Well, I passed my three-year tests today. Both mammogram and ultrasound were clear. On a day-to-day basis I’ve not thought much about it, but in the last few days before testing I start getting a little anxious. Now I’m just exhausted from being down at the medical center since 10:30 this morning. Got home about 3:30 pm.
I made some comment to the oncologist about a report I’d seen indicating a lot of women with earlier stages of breast cancer might not need chemo after all. But that wouldn’t have included me, he said. I could have been classified a Stage III because of the chest nodes that looked possibly cancerous on the first scan. But he didn’t want to freak me out unnecessarily. As I recall he said at the time that they might be cancerous but also might just be inflamed because of the nearby tumor. They did not “glow” or show up on later scans.
The question is moot now, of course. I had the chemo. And the radiation. And there’s been no sign of cancer since then.
The New York Times today grabbed my attention with the headline “For Women With Early Breast Cancer, Herceptin Treatment Can Be Much Shorter.”
You may recall my concern when my oncologist decided against the standard year-long Herceptin treatment because he suspected Herceptin had caused my pneumonitis. As he reminded me at the time, I’d already had four Herceptin treatments because it was included in my chemo cocktail with two other drugs. And my diagnosis of HER2 positive was not definitive, having been only “maybe” or “negative” in some tests and having occurred not in the primary tumor but in a satellite nodule. Continue reading
It’s taken a few months for it to really sink in, but my hair is thinning. Rapidly. The bathroom looks like one of my exes has moved back in. If the thinning stopped right now, it would be manageable with a bit of fluffing and arranging over the crown, but I’m afraid it won’t.
I saw my oncologist Tuesday for my 6-month checkup and he confirmed my suspicion — that the aromatase inhibitor (aka AI, either Aromasin or Femara) I’m taking is the culprit. It stops all estrogen synthesis by the adrenal glands, so I’m getting zip, less even than a normal post-menopausal woman would have. The result is thinning hair, leaning toward what is called male-pattern baldness. Continue reading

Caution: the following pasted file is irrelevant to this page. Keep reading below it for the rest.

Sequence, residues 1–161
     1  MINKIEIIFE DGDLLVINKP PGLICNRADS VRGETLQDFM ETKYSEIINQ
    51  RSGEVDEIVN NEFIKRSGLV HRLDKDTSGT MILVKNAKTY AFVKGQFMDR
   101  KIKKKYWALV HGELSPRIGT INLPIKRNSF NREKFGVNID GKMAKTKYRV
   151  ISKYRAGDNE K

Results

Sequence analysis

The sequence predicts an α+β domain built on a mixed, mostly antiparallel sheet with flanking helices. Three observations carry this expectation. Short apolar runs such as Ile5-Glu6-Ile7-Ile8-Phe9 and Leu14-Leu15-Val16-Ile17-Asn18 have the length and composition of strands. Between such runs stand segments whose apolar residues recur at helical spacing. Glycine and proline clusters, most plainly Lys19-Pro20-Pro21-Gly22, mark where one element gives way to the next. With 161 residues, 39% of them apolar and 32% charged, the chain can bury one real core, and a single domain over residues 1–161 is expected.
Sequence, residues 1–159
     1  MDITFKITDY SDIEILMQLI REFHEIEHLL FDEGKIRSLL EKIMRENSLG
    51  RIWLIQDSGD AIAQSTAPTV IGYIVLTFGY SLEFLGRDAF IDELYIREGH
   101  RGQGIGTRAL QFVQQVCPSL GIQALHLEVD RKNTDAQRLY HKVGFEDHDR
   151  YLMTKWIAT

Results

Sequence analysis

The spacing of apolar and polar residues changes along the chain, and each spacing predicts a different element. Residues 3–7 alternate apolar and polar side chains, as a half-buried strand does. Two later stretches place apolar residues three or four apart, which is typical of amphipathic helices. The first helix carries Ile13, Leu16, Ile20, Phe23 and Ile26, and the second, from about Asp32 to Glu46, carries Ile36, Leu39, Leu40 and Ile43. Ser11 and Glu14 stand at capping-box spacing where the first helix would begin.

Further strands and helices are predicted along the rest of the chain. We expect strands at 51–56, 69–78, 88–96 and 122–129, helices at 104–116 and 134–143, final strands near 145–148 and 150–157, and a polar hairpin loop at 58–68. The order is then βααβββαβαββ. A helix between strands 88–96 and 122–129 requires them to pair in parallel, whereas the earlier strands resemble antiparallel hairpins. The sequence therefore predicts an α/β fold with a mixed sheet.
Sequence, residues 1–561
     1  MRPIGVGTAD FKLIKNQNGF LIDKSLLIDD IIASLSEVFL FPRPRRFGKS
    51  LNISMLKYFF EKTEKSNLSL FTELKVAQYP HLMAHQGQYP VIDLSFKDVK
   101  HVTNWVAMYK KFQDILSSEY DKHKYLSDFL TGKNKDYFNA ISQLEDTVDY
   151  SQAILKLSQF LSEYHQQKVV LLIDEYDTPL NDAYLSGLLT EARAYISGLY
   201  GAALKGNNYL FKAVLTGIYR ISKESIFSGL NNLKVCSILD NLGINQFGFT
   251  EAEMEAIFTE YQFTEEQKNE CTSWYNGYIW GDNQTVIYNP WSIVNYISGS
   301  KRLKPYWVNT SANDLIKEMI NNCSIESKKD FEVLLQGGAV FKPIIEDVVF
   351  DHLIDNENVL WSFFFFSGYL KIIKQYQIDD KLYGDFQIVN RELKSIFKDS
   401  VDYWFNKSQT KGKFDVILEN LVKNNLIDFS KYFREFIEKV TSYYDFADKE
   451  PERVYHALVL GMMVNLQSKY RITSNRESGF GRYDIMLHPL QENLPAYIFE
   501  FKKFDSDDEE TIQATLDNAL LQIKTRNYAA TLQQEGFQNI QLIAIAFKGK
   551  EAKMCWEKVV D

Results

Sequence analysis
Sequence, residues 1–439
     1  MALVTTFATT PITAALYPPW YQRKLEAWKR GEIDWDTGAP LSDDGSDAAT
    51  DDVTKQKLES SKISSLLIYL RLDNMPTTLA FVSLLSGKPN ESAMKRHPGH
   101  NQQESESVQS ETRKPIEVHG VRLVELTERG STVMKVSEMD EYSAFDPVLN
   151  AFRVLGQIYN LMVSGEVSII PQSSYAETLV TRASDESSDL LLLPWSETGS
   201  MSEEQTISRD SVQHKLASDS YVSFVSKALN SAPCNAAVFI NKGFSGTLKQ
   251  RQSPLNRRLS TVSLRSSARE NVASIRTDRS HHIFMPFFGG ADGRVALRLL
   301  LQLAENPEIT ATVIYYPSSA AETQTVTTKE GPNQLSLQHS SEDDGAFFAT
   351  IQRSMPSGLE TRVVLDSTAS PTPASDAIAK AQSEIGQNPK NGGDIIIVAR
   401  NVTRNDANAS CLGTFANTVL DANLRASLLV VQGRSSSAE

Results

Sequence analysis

I saw my oncologist yesterday for my quarterly followup check-up, and as I expected, it was pretty much:
“Hi, how ya doin’?”
“Any new issues?”
“Okay, great. Come back in six months.”
Two years ago, on May 20, 2015, I had my lumpectomy. That was followed with 4 rounds of chemo, 3 weeks apart, and 33 radiation treatments. After that, and after getting rid of a stubborn, gut-busting cough, I started 5 years of hormonal treatment (it should be called anti-hormone treatment).
This memorable illustration is making the rounds on social media now, and well it should. With words and visuals anyone can understand, it shows what breast cancer can look like.
Just pausing to note that I saw my oncologist a few days ago for my once-every-4-months checkup. Got some reassurance on a few things:
As I’d read in many places, occasional twinges or stabs in my left breast are normal healing and could continue for some time. If cancer were to recur, it would be elsewhere, outside the area that was treated (ie, somewhere other than the left side of my chest).
Note: I first published this on my primary blog in May 2013. It occurred to me that Curves is an even more relevant venue (although I had only a lumpectomy, not a mastectomy). Unbelievably, even a lot of women who’ve had a mastectomy still mispronounce it.
After months of indecision, I called my oncologist last week and told him I was ready to switch from exemestane (Aromasin) to letrozole (Femara). He’d suggested several months ago that if I wanted to, I could make the change because the letrozole might have fewer, milder side effects. And I’ve been wrestling with the decision ever since.
This song was released last year, about the time I got my cancer diagnosis. I never play music at home but I heard it occasionally on the radio going to and from the Cancer Center. And almost every time the chorus kicked in, I’d start crying and almost drive off the road. It still makes me cry. But I sit a little taller and feel a little stronger, a little more determined when I hear it.